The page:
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Threats to Wild American Ginseng
Habitat Loss

Be it through agriculture, development, surface mining or a host of other activities, land use conversion removes critical ginseng populations and their habitat, leading to local extirpation.

  Agricultural Clearing              Surface Mining             Suburban Sprawl

 

Agricultural Clearing

Landscapes change. They always have. Before 1492 A.D., the beginning of European influence in North America, there were plenty of human-caused alterations to the forest, though they were considerably less intensive than what was to follow. Layered on top of human effects on forests, there have always been natural disturbances to the landscape, from fire to tornadoes to hurricanes, that would re-set the forest to an earlier stage.

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In terms of scale, transformation of forest to agriculture presents an order of magnitude greater change than what had occurred before in the eastern forest. Clearing for agriculture not only wiped out trees at a site, but the native understory as well. As agriculture spread across the continent from east to west in uneven waves, ginseng habitat became wheat habitat, or sheep habitat, or some other agriculture producing landscape. But it was no longer forest.

Image (right): Hayfield in Tucker Co., WV that exhibits an agricultural field in what would have been forest. Credit: WVDT

At its low point in the early 1900’s, the total mature or re-growing forest comprised less than half the landscape, with the remainder being agricultural land or land permanently transformed to cities, towns, roads, etc. While many farms were abandoned in the early to mid-1900’s, the early successional forests are only slowly re-gaining their previous stature and biodiversity. Understory species are particularly slow to recover in such forests, so the agricultural clearing effect lingers on for centuries.

Image (left): Charleston, WV Skyline in 1891 (Top) and 1941 (Bottom,) Credit: WVU

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Surface Mining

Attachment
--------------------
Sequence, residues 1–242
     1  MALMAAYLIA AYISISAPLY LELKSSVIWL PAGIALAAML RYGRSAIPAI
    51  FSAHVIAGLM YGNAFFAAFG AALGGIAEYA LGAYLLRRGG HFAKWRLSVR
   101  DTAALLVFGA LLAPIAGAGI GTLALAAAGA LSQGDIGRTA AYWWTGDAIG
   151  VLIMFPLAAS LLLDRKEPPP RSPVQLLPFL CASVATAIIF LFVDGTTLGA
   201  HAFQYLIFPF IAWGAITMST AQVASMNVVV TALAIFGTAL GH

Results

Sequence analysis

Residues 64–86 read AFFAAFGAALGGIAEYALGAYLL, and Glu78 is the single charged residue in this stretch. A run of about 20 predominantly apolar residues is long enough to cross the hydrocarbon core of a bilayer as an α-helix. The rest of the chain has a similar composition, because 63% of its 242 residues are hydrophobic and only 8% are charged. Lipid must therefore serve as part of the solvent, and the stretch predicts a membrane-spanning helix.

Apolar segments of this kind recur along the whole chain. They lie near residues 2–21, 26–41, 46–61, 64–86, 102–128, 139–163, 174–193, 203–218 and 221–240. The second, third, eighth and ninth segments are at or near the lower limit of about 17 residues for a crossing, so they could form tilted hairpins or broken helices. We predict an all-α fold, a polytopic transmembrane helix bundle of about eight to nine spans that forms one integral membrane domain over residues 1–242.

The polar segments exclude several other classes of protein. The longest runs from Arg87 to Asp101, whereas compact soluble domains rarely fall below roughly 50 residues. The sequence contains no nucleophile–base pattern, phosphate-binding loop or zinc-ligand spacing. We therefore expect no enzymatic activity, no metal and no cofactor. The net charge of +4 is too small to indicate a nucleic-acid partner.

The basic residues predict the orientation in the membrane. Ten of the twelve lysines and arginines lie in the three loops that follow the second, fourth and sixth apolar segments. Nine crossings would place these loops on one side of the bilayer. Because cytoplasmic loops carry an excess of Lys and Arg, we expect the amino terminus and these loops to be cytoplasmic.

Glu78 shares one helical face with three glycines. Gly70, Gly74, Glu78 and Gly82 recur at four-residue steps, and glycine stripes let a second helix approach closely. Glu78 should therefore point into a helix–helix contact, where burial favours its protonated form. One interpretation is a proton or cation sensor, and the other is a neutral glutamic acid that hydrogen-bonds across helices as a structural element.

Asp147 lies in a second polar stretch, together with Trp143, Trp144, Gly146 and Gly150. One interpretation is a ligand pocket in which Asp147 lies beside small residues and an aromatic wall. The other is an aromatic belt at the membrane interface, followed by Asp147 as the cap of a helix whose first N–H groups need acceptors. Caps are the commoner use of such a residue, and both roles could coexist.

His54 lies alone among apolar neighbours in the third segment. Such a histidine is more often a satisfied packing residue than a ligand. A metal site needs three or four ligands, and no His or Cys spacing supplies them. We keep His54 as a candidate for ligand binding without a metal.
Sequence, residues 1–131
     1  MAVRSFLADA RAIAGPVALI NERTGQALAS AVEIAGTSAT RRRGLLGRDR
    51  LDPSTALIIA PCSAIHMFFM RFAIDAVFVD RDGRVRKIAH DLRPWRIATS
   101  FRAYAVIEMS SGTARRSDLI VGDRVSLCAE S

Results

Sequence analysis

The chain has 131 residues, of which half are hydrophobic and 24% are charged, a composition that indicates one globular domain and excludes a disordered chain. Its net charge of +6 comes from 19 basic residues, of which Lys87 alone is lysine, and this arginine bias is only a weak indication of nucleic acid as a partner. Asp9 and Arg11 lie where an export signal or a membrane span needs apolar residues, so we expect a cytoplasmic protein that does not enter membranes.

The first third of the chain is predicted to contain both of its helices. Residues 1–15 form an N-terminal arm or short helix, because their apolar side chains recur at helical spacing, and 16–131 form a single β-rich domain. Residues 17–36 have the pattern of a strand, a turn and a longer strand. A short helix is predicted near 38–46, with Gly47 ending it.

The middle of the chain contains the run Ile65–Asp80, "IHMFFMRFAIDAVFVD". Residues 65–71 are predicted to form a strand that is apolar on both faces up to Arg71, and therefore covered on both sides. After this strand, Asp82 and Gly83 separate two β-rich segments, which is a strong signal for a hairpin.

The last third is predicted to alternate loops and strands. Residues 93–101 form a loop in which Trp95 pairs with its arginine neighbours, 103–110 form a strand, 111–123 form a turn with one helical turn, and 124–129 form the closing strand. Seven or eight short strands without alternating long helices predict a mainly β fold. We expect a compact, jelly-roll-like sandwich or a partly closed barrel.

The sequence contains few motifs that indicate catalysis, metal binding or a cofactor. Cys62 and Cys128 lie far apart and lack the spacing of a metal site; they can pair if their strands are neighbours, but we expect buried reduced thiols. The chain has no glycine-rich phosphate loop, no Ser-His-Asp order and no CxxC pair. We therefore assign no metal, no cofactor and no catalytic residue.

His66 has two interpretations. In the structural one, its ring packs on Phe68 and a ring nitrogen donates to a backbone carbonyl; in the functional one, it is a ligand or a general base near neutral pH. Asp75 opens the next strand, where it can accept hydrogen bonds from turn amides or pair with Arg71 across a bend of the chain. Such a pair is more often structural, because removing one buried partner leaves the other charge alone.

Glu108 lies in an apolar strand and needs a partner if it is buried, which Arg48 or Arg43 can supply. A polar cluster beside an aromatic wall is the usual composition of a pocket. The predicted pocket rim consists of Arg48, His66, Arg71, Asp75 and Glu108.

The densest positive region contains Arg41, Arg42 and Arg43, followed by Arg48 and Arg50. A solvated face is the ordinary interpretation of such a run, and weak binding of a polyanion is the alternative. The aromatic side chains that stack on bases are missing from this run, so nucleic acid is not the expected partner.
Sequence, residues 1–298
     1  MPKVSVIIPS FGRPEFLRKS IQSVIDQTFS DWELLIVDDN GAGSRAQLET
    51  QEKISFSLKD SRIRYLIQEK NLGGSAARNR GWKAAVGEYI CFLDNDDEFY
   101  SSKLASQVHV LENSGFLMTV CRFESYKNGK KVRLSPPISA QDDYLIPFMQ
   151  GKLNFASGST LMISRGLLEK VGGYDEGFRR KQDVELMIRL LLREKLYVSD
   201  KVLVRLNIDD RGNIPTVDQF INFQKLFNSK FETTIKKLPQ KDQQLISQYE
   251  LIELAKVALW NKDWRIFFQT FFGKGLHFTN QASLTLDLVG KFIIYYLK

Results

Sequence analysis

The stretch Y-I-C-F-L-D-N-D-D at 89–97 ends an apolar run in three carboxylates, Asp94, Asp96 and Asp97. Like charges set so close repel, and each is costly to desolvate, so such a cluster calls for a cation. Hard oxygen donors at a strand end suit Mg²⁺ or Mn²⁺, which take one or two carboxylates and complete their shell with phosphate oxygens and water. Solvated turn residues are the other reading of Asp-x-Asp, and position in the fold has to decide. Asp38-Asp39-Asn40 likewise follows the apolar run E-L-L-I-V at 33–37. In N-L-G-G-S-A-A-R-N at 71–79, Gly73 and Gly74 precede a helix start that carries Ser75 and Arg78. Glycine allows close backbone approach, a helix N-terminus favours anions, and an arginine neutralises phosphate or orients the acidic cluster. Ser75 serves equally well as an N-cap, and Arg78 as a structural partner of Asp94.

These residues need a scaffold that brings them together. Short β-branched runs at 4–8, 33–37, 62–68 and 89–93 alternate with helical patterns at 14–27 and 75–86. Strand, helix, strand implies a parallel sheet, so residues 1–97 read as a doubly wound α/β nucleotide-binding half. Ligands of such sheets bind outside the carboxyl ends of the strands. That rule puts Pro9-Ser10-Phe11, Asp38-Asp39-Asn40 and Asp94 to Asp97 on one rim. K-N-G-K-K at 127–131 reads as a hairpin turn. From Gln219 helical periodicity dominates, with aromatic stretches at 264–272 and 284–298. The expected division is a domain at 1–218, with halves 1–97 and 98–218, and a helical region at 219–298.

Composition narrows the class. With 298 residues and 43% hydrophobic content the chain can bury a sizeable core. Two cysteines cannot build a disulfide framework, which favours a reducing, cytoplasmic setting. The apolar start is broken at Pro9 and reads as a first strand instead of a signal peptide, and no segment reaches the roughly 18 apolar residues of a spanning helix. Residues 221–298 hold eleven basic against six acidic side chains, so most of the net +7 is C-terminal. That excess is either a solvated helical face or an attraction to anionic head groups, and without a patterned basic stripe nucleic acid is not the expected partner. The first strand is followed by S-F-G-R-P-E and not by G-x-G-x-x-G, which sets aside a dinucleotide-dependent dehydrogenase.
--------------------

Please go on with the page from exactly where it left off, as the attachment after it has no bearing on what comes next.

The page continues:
Example of mountaintop mine site

Ginseng’s natural range overlaps the rich deposits of coal in the eastern United States. Surface mining for coal is a long-standing practice, and is more common than underground mining in this ecologically rich area.(1,2)  This process destroys the habitat for the herbaceous understory. At its worst, surface mining converts the landscape, destroys soil composition and profile, alters the hydrology, raises human health concerns, and releases heavy metals into the water system, leaving a rocky landscape in place of a forest, which all but the most vigorous plants are slow to re-colonize. 

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In this map from Appalachian Voices (2008) the comparison between Mountaintop Removal and Poverty is made. The yellow outline, added by the McGraw lab at WVU, represents the eight counties where ~60% of ginseng harvest from the state of West Virginia occurs (4). Ginseng is an important secondary source of income for these areas, but the habitat for ginseng is being greatly reduced.

Mountaintop removal (and valley fill) refers to one method of coal mining in which the overburden is removed from above the coal seam, and typically discarded in the abutting valley. Between 1992 and 2012, according to estimates by the E.P.A., Mountaintop removal mining was responsible for destroying 816,000 acres of forest in southern Appalachia(3). While it is known that mountaintop removal certainly eliminates ginseng populations located on mine sites, the amount of ginseng affected by mountaintop removal remains un-estimated. Additionally, no research has been conducted on ginseng populations surrounding these mining sites. Altered environmental conditions in mining areas, as well as loss of gene flow from ginseng populations formerly located on mine sites, may negatively affect viability of surrounding ginseng populations.

References

(1) EIA Coal 2012
(2) McGraw et al. 2013. Ecology and conservation of ginseng (Panax quinquefolius) in a changing world. 
(3) Wickham et al. 2007
(4) Bailey PhD Dissertation 1999

 

Suburban Sprawl & Vacation Home Development

Looking out an airplane window when flying over the eastern portion of the U.S., you can see networks of roadways, housing developments, and strip malls carved out of forested land. Of course their construction consumes local habitat, but the effects of suburban sprawl and other forms of development may affect the area in secondary ways. Along forest edges abutting developed areas, the light, temperature, and moisture regime is altered, affecting populations of understory plants and making the area of ‘interior’ forest even smaller than it appears. Research in our lab has shown that the pollinators servicing ginseng are different, and less effective, near the edges of the forest. Additionally, roadways and housing developments are often corridors for invasive species(1) particularly when non-native species are planted as ornamentals in yards and lawns. Land conversion from forest to suburban lots is also likely to increase local densities of white-tailed deer, which pose a risk to local American ginseng populations. Fragmentation of forested habitat may also disrupt gene flow among populations, potentially reducing within-population genetic diversity (2).

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Mosaic of forests, fields, and edges in suburban-rural interface  ~  Photo from Google Earth

References

(1) Wixted and McGraw 2008
(2) Mooney and McGraw. 2007. Alteration of selection regime resulting from harvest of American ginseng,  (Panax quinquefolius).